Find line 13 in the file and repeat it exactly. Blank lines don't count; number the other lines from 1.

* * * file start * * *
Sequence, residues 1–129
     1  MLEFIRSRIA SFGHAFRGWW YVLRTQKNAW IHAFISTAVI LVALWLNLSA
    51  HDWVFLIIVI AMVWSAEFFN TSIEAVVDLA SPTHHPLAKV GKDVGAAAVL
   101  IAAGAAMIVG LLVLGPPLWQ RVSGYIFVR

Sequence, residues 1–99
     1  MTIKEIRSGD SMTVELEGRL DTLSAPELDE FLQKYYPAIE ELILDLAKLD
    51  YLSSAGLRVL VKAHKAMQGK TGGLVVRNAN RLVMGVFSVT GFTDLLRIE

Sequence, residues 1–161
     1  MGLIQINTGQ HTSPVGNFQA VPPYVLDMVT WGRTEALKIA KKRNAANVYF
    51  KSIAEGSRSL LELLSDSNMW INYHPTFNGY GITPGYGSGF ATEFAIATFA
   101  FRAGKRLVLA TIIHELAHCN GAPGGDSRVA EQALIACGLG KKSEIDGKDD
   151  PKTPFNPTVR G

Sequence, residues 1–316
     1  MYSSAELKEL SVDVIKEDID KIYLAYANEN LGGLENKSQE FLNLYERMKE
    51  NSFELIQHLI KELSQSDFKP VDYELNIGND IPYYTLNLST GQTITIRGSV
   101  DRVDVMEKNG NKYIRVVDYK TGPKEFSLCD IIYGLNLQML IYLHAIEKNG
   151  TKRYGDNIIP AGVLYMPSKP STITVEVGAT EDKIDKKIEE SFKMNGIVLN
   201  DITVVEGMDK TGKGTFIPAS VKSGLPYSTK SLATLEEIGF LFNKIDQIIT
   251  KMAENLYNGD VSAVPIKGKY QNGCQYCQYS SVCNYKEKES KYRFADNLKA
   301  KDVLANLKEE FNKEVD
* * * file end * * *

Sequence, residues 1–316